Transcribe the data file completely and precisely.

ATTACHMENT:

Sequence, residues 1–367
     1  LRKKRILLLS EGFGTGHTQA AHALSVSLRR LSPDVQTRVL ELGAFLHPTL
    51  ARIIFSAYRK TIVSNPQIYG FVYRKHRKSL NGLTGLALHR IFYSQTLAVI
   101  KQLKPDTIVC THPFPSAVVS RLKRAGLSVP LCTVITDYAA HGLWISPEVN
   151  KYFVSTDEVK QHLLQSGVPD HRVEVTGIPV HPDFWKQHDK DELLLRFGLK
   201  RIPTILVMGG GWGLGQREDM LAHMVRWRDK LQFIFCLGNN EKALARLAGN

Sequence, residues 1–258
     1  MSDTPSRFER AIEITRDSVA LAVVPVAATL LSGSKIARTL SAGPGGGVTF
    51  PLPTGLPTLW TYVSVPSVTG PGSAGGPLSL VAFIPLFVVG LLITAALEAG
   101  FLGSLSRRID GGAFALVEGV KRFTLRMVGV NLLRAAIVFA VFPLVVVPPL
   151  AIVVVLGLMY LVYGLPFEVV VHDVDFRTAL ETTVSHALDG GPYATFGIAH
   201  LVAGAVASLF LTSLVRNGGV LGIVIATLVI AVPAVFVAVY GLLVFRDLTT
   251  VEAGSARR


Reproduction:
Sequence, residues 1–367
     1  LRKKRILLLS EGFGTGHTQA AHALSVSLRR LSPDVQTRVL ELGAFLHPTL
    51  ARIIFSAYRK TIVSNPQIYG FVYRKHRKSL NGLTGLALHR IFYSQTLAVI
   101  KQLKPDTIVC THPFPSAVVS RLKRAGLSVP LCTVITDYAA HGLWISPEVN
   151  KYFVSTDEVK QHLLQSGVPD HRVEVTGIPV HPDFWKQHDK DELLLRFGLK
   201  RIPTILVMGG GWGLGQREDM LAHMVRWRDK LQFIFCLGNN EKALARLAGN

Sequence, residues 1–258
     1  MSDTPSRFER AIEITRDSVA LAVVPVAATL LSGSKIARTL SAGPGGGVTF
    51  PLPTGLPTLW TYVSVPSVTG PGSAGGPLSL VAFIPLFVVG LLITAALEAG
   101  FLGSLSRRID GGAFALVEGV KRFTLRMVGV NLLRAAIVFA VFPLVVVPPL
   151  AIVVVLGLMY LVYGLPFEVV VHDVDFRTAL ETTVSHALDG GPYATFGIAH
   201  LVAGAVASLF LTSLVRNGGV LGIVIATLVI AVPAVFVAVY GLLVFRDLTT
   251  VEAGSARR